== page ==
Crude oil prices surged roughly 2% Tuesday supported by indications the market is rebalancing after years of oversupply and lower-for-longer prices, Kallanish Energy learns.
The U.S.’s West Texas Intermediate peaked at $51.06 a barrel, before trading at $50.86/Bbl at 1.15 p.m. (EDT). That’s an increase of $1.38, or 2.78%, in the contract for November delivery. Crude futures were trading at $49.58/Bbl in the previous session.
Brent crude futures increased 1.72%, or $0.96, to $56.75/Bbl. The December contract peaked at $56.91/Bbl earlier, compared to $55.79/Bbl at the previous close.
OPEC General Secretary Mohammed Barkindo said Tuesday the pace of rebalancing is increasing and “more extraordinary measures” may be implemented next year, which are believed to have supported higher prices. The official urged U.S. shale producers to take responsibility and help to sustain the rebalancing long-term.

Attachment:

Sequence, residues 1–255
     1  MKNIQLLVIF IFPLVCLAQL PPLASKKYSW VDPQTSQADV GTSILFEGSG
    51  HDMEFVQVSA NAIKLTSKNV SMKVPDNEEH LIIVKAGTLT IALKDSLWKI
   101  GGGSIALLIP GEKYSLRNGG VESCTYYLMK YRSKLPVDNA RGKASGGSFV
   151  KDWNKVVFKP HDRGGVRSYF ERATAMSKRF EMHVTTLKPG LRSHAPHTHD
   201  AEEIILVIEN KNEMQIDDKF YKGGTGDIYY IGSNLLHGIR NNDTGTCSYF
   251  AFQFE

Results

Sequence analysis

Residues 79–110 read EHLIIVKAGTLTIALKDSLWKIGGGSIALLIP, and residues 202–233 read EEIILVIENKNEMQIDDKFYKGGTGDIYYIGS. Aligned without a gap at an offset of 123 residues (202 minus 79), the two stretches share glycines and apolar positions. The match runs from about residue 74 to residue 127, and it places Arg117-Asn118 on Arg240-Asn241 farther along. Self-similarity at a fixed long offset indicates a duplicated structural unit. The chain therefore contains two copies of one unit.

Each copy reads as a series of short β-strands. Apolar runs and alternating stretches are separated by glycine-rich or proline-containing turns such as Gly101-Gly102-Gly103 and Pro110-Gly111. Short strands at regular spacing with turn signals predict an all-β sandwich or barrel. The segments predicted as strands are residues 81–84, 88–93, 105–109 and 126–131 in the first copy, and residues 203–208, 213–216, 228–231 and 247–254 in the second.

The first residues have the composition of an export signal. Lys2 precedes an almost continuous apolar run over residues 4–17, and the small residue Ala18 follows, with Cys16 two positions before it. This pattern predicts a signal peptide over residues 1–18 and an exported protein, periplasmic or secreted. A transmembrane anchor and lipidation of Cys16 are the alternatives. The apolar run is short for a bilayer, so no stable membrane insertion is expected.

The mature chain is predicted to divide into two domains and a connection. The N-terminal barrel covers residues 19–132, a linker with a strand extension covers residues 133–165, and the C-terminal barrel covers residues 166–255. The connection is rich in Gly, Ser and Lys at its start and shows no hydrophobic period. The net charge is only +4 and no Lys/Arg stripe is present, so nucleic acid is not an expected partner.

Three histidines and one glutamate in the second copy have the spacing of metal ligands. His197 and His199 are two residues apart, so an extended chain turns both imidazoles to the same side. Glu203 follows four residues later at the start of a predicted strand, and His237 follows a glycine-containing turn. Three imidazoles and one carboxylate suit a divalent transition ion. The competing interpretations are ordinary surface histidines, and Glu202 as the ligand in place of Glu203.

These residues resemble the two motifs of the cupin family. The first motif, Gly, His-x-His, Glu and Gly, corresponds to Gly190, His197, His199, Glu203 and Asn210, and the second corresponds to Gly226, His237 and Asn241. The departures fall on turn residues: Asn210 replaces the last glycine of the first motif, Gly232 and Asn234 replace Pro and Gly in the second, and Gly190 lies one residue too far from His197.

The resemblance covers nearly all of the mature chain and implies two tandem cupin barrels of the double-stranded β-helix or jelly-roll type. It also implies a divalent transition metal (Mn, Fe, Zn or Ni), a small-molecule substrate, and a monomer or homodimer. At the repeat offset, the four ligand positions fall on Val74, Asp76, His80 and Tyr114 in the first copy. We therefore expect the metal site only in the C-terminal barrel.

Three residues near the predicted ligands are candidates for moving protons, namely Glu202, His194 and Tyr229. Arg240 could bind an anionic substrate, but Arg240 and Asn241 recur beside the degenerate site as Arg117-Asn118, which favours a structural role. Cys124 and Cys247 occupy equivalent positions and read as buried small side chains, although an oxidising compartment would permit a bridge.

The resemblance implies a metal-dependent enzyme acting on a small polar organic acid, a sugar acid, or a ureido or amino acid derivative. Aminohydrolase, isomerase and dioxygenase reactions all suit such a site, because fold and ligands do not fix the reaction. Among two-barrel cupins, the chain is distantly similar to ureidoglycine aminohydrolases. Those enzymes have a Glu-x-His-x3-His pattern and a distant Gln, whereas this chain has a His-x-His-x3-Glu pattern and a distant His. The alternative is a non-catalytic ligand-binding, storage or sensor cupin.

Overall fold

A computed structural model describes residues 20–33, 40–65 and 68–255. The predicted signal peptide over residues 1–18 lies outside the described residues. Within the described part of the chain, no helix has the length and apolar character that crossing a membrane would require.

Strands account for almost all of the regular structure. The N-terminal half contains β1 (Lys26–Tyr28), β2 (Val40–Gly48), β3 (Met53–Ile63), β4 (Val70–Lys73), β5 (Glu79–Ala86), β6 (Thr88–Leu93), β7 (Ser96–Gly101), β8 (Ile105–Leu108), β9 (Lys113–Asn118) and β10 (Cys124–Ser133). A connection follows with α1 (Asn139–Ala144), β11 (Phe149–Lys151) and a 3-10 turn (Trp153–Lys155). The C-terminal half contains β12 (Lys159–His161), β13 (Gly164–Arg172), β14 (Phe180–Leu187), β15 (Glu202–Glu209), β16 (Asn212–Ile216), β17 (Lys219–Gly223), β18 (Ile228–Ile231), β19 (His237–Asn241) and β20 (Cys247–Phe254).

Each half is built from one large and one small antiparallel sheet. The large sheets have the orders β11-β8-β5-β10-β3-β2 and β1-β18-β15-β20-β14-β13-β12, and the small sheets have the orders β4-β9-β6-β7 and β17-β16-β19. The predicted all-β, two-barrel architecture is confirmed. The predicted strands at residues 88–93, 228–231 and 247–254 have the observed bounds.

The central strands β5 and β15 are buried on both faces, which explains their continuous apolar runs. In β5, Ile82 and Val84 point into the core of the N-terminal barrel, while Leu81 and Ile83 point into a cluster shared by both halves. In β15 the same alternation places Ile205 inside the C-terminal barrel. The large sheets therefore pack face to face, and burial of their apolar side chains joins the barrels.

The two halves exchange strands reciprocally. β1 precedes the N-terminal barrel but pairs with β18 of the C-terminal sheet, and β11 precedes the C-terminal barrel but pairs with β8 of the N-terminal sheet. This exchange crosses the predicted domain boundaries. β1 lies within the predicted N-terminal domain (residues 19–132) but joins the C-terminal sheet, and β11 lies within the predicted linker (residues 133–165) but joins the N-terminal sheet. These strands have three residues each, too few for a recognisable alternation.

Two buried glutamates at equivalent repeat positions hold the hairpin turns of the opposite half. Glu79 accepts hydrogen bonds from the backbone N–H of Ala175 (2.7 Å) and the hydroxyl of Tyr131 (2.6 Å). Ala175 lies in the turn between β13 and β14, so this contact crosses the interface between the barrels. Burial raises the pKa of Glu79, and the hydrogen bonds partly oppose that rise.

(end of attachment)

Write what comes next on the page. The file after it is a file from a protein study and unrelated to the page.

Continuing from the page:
Saudi Arabia, the world’s largest oil exporter, also helped prices to rebound following reports it’s cutting exports by 560,000 barrels per day (BPD) in November. The volume is in line with the Saudi commitment to the OPEC/non-OPEC deal.
Short-term price support also came from the U.S., after Hurricane Nate shut-in 85%, or 1.49 MMBPD, of the U.S. Gulf of Mexico oil production.
Ian Taylor, head of oil trader Vitor, told Reuters the U.S. oil output could be set for a last spike in 2018, before growth flattens for a number of years as rising costs make a big chunk of production unfeasible. Again, that might give oil markets positive sentiment long-term.